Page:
What do you need to get in?
Main entry requirements
112 UCAS points from at least two A levels (including at least 32 points in Biology) or equivalent BTEC National qualifications (including suitable Chemistry and Biology modules.) We accept AS Levels. We do not accept General Studies. Or 96 UCAS points from three A levels (including 32 points in Biology) or equivalent BTEC National qualifications (including suitable Chemistry and Biology modules.) We do not accept General Studies.
If your qualifications aren’t listed here, you can use our UCAS points guide of 96-112 and refer to the university’s website for full details of all entry routes and requirements.
% applicants receiving offers81%
Provided by UCAS, this is the percentage of applicants who were offered a place on the course last year. Note that not all applicants receiving offers will take up the place, so this figure is likely to differ from applicants to places.
Tuition fee & financial support£9,250
Maximum annual fee for UK students. NHS-funded, sandwich or part-time course fees may vary.
If you live in:
- Scotland and go to a Scottish university, you won’t pay tuition fees
- Northern Ireland and go to an NI uni, you’ll pay £3,805 in tuition fees
- Wales you’ll pay £3,810 in fees and get a tuition fee grant to cover the rest
Every degree course is different, so it’s important to find one that suits your interests and matches the way you prefer to work – from the modules you’ll be studying to how you’ll be assessed. Top things to look for when comparing courses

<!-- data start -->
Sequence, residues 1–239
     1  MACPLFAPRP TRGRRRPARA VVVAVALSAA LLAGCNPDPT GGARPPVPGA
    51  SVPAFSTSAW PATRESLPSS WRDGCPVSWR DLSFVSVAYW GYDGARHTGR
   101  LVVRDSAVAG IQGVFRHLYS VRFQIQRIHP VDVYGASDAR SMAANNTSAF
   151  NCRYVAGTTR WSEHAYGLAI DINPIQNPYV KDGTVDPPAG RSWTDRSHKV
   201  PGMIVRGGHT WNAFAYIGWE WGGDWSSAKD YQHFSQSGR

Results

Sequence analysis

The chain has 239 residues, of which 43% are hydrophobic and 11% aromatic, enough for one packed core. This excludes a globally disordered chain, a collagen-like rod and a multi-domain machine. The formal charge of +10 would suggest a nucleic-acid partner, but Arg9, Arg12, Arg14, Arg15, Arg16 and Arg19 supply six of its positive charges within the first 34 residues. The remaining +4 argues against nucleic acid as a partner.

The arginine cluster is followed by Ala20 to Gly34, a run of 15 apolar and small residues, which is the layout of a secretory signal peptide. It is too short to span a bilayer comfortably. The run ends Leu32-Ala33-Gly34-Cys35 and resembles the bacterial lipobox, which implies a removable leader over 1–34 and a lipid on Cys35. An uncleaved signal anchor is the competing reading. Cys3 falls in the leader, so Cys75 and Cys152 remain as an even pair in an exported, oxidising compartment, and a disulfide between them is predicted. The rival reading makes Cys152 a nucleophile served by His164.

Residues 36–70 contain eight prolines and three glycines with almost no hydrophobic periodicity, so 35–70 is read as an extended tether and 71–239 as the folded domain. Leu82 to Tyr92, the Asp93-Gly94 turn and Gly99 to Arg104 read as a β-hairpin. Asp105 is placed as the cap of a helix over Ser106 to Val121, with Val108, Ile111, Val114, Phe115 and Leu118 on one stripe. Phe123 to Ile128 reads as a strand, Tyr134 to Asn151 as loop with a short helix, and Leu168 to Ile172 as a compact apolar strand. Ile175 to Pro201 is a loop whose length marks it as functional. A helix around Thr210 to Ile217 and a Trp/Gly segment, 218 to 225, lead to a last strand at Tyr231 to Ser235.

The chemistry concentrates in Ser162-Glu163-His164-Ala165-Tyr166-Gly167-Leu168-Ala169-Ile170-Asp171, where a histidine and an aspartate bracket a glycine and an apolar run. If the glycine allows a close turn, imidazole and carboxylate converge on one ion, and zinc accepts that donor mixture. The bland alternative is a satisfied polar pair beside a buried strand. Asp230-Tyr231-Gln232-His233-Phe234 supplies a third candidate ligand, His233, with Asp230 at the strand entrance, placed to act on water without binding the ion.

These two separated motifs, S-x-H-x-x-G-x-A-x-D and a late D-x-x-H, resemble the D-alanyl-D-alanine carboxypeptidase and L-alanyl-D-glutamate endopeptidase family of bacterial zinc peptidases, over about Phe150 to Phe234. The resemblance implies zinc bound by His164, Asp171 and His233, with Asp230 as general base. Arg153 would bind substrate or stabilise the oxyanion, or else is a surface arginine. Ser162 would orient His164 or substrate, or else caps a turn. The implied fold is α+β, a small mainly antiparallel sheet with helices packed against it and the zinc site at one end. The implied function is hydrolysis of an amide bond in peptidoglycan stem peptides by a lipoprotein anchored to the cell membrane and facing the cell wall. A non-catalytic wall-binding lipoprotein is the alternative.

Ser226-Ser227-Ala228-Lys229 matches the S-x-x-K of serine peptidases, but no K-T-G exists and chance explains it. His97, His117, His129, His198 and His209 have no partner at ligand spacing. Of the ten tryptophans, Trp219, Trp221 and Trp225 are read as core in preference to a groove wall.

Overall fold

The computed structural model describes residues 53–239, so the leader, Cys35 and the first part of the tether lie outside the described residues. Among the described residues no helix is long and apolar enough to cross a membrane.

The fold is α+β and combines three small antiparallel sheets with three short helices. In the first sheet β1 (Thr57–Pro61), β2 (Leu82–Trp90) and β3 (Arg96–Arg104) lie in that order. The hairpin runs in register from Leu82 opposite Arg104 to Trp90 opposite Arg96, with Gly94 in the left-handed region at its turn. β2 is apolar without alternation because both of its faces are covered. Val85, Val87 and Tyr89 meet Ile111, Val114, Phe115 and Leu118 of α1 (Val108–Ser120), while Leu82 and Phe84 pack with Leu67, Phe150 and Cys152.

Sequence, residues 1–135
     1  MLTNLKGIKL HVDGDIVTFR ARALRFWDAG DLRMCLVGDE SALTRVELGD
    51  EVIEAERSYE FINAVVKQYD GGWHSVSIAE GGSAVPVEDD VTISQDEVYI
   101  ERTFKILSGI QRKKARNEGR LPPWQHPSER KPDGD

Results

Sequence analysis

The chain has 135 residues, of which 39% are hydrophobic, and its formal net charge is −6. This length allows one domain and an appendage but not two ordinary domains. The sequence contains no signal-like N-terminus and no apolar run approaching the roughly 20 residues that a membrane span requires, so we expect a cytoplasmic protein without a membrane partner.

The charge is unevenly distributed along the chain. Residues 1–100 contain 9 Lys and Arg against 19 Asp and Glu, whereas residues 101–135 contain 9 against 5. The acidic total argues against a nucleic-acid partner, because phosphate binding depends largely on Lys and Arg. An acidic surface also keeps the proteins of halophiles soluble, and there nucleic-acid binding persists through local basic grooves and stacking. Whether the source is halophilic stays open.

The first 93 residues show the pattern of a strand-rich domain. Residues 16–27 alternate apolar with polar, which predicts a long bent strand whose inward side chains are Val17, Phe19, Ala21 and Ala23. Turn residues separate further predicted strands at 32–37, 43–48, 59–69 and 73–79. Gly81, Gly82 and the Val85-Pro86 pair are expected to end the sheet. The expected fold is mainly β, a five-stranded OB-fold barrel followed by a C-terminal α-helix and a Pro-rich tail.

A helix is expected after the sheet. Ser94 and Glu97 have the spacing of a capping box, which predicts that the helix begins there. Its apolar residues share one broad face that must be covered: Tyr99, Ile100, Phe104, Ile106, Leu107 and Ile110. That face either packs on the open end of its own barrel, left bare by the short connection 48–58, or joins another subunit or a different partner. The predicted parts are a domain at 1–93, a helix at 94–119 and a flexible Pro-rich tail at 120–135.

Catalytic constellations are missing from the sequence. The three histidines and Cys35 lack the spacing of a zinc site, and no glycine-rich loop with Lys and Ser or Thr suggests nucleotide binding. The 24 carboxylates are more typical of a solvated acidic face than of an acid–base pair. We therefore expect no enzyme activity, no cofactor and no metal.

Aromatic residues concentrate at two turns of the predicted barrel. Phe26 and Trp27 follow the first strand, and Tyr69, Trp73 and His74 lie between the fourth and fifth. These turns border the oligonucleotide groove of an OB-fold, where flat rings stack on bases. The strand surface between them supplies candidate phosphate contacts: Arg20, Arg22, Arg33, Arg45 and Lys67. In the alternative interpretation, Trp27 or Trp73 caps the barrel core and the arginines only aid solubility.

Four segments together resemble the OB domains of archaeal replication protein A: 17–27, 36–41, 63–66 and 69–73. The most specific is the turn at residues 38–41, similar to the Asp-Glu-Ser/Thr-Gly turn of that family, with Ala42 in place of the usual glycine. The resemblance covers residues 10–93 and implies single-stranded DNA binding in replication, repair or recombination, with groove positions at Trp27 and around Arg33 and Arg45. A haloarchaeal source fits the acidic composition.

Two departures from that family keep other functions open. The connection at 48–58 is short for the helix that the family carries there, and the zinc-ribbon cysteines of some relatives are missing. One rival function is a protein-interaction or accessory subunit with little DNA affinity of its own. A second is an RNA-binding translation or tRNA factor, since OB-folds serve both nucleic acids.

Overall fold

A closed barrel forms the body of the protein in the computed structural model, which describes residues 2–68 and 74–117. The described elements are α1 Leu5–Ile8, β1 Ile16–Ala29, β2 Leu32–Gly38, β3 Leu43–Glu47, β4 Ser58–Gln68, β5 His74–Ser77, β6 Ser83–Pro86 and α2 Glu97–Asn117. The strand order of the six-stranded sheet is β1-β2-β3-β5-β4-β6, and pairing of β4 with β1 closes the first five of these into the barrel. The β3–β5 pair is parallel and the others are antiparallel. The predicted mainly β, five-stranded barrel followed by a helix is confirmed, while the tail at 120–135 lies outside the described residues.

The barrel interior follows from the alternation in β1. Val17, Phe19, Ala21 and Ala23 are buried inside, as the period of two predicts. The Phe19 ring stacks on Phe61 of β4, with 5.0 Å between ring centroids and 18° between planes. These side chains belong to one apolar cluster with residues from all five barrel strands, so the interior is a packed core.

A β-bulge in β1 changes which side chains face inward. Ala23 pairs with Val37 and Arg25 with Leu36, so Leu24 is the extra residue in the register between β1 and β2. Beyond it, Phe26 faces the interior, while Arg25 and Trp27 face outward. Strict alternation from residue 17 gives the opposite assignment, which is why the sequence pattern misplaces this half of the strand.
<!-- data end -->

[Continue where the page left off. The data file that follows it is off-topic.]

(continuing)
This course examines how the body functions in terms of its physiology, and looks in detail at cellular events, from the developing embryo to the adult. It also studies the impact of disease and genetics on the human in society. What you study The course emphasises the physiological aspects of human biology, and includes modules in neurobiology and human reproduction and development. It also covers the important subjects of cell biology and genetics. Topics covered will include • cell biology • human reproduction and embryology • physiology • biochemistry. You then build on this knowledge using case studies that examine topics in depth, such as how the body responds to physiological and environmental extremes. You then combine all the skills and knowledge that you have gained in the final year, completing a research project guided by one of our research academics. This is usually completed in our laboratories at the University. However it may be possible to do your project back at your placement organisation. Previous project titles include • the use of rubidium efflux assay to study hERG channels in heart muscle • characterisation of Inositol trisphosphate receptor in brain tissue. The optional transfer to the MSci qualification is aimed at students who want to pursue a career in research and who achieve good results in years one and two. Placements and work experience In year three, you get the opportunity to apply your knowledge and skills in the real world with a work placement. This is an important chance to gain the experience and professional skills that can give you the all-important edge at the start of your career. Work experience of any sort helps to attract the attention of future employers. We offer you the opportunity to apply for placements in a wide range of institutions, including the NHS, schools and colleges, industry and medical research. If you are unable to commit to a year, it is also possible to work for a shorter amount of time on placement, such as during the summer. This shorter placement can also contribute to your degree. If you are doing your work placement in another European country there may be funding available through the Erasmus programme. Facilities You carry out practical work to support your academic studies using our industrial standard well-equipped laboratories. At the end of each year you carry out a mini-project that applies the skills developed through the year to a human biology case study. Expertise You benefit from the research expertise of the course lecturers who are active in our internationally recognised Biomolecular Sciences Research Centre (BMRC). Their research means we can constantly update the course and lab programme, so you stay up to date with the latest scientific developments. Professional recognition Graduates of BSc (Honours) Human Biology This programme has been accredited by the Royal Society of Biology following an independent and rigorous assessment. Accredited degree programmes contain a solid academic foundation in biological knowledge and key skills, and prepare graduates to address the needs of employers. The accreditation criteria require evidence that graduates from accredited programmes meet defined sets of learning outcomes, including subject knowledge, technical ability and transferable skills. Graduates from Accredited programmes will receive one year’s free membership of the Royal Society of Biology at Associate level.